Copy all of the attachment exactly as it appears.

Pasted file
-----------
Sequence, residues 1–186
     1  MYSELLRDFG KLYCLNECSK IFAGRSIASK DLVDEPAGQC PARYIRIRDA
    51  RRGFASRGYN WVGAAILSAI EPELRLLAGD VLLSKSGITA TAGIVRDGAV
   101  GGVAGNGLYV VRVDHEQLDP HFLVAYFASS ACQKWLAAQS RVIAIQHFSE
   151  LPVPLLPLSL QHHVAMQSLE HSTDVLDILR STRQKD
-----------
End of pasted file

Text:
Sequence, residues 1–186
     1  MYSELLRDFG KLYCLNECSK IFAGRSIASK DLVDEPAGQC PARYIRIRDA
    51  RRGFASRGYN WVGAAILSAI EPELRLLAGD VLLSKSGITA TAGIVRDGAV
   101  GGVAGNGLYV VRVDHEQLDP HFLVAYFASS ACQKWLAAQS RVIAIQHFSE
   151  LPVPLLPLSL QHHVAMQSLE HSTDVLDILR STRQKD